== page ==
1871 ENGLISH POETRY 1579-1830: SPENSER AND THE TRADITION

John Clare

S. C. Hall, "John Clare" in A Book of Memories: Great Men and Women of the Age, from personal Acquaintance (1871) 107-08.



JOHN CLARE was that which, I have shown, Ebenezer Elliott was not — an "uneducated" poet I was not acquainted with Robert Bloomfield, who, somewhat before my time, "made a name" and attracted "patronage." He is now almost forgotten: "The Farmer's Boy" is covered with dust on the bookshelves.

Poor John Clare! His posthumous fame is not greater than that of Bloomfield, but his destiny in life was less auspicious. He was born "a Northamptonshire peasant." Happier would it have been for him if, from his birth to his death, his aim had been no higher than to win honours at a ploughing match.

A transitory renown was given him when, in 1820, his first book of poems was printed. He was much "talked about;" the Quarterly Review praised him; Rossini set his verses to music; and Vestris sung them. During a brief visit to the metropolis he was made a lion in certain small coteries; his transitory glory was succeeded by utter and withering neglect; he was consigned to a poverty he had been taught to abhor; and in 1864 he died in the lunatic asylum of the town with which his name is inseparably associated. He was an aged man at his death, having been born at Helpstone in 1793.

I knew him — poor fellow! — in 1826 or 1827, and printed in the Amulet some of the best of his poems — notably, "Mary Lee." But, unhappily, I was ignorant of the untoward circumstances in which he was placed. At a later period, introducing some of his poems, with a brief memoir of him, into the "Book of Gems" (1838), I detailed the sad story of his life. I described him as living in penury, if not want; with no other prospect for old age but that which he gloomily foreboded in one of his early poems,—

To claim the early pittance once a week,
Which justice forces from disdainful pride;

and I appealed for some help that might diminish his desolation — writing, "It is not yet too late: although he has given indications of a brain breaking up, a very envied celebrity may be obtained by some wealthy and good Samaritan who would rescue him from the Cave of Despair;" adding, "Strawberry Hill might be gladly sacrificed for the fame of having saved Chatterton!"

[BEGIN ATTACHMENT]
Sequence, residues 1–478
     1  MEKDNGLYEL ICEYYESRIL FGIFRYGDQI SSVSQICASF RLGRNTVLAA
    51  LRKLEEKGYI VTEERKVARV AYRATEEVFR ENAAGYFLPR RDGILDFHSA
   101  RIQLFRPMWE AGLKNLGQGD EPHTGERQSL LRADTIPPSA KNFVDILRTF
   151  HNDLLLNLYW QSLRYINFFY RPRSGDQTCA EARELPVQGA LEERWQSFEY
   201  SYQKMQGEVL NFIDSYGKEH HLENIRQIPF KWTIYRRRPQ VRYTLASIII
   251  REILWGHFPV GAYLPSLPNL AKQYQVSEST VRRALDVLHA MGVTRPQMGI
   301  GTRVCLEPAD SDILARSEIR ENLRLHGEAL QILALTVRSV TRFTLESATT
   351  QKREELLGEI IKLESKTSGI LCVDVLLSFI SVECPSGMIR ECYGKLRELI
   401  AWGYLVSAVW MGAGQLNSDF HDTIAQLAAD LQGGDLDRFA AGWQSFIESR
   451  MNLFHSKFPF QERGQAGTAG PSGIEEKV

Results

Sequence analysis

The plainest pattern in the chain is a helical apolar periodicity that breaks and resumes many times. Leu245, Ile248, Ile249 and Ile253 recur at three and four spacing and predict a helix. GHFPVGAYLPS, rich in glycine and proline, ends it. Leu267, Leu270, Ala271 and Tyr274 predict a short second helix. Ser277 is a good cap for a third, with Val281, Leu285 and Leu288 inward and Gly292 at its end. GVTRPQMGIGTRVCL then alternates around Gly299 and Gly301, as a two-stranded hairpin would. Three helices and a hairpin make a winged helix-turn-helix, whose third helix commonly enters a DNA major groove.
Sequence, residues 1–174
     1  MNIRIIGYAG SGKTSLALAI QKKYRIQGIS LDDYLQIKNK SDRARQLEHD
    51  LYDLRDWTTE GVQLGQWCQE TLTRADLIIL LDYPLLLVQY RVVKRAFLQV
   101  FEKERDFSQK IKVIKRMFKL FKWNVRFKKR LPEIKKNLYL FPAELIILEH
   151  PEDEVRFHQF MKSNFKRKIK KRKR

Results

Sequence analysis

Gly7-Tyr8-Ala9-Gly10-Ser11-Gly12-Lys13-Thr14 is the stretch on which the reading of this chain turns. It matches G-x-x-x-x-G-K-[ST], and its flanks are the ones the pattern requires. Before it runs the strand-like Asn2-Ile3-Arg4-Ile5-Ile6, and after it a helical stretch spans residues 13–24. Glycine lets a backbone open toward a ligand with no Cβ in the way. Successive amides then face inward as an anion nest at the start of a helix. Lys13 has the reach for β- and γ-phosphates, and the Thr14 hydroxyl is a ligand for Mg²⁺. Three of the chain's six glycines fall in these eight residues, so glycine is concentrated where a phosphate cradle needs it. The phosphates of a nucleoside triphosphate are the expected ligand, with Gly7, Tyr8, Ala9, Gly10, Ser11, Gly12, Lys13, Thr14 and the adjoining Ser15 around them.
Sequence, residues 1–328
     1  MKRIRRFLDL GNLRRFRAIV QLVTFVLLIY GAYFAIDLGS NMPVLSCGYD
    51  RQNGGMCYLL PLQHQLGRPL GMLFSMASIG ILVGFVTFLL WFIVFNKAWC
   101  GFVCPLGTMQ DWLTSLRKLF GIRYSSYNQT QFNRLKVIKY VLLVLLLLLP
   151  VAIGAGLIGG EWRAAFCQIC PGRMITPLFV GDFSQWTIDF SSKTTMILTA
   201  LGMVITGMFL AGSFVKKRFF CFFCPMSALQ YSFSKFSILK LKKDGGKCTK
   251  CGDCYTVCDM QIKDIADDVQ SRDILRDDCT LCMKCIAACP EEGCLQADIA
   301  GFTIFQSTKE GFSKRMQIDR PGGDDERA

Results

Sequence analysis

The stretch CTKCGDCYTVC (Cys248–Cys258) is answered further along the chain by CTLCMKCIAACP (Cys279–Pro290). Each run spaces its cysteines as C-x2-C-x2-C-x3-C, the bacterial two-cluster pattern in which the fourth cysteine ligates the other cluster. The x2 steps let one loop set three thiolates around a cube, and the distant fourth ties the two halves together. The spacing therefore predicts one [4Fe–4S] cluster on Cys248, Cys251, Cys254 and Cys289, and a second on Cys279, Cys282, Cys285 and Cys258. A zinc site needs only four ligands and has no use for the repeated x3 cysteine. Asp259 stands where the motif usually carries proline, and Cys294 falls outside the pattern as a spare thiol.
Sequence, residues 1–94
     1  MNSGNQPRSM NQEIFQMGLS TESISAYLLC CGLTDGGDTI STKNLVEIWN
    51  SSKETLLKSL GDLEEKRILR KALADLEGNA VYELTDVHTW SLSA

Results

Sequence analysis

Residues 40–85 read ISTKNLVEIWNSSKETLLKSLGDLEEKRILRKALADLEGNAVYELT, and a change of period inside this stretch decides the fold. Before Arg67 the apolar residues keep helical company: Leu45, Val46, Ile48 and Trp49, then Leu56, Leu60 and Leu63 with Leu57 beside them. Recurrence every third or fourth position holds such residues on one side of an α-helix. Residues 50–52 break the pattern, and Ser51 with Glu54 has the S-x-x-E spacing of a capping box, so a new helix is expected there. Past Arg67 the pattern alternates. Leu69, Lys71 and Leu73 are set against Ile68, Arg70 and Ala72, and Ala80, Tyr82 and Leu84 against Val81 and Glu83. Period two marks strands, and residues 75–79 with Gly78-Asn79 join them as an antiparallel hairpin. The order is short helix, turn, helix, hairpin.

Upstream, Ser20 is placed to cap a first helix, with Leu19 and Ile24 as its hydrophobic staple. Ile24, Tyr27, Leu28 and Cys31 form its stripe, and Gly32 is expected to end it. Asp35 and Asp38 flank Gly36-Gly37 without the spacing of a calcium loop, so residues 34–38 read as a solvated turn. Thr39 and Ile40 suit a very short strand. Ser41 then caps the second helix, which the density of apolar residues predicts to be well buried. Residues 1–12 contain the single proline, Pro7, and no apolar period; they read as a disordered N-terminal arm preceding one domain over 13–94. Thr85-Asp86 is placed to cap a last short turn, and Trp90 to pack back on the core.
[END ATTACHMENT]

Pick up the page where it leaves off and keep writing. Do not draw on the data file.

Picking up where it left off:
That appeal brought to me a letter from the Marquis of Northampton. His lordship intimated that though he did not think very highly of Clare, he considered it would be a disgrace to the county of Northampton "to leave him in the state in which I had represented him to be;" and suggested the publication of a volume of his poems, of which he himself would take ten or twenty copies! The plan was not carried out; and if the Marquis gave any aid of any kind to the peasant-poet, the world, and I verily believe the poet himself, remained in ignorance of the amount.

At the time of my acquaintance with him he was in the prime of life: short, thick, and stubbed of person, with a singularly large head, much out of proportion to his body. His manners were not coarse, but certainly rough; he had not been raised by the Muse he worshipped out of the position to which he was born; indeed, he never left it, for although he changed from that of a day labourer for bread to that of the holder of a small farm, his own, he was during the whole of his career hardly a grade removed from the rude companions with whom he associated. He seemed, however, essentially amiable, and naturally good; and none of the habits of low society were at any time his. He was a good husband and father; for he wedded early a young girl of his own rank, and the theme of his earlier loves and aspirations.

There was nothing at all assuming in his manners; he did not appear expectant or desirous that his writings should raise him above the humble calling of a bread-winner of the soil. In short, he was a rustic, neither less nor more, to whom had been given a gift that seemed to excite his own wonder.

Poor fellow! his was a sad life — "Despondency and madness." He was not buried in a pauper's grave, although he died a pauper in a public hospital. A small subscription obtained for him a fitter resting-place. His last words were, "I want to go home." They carried his body home — to the graveyard of his native village; and his soul was conveyed to that home where Lazarus has his good things, and likewise Dives his evil things.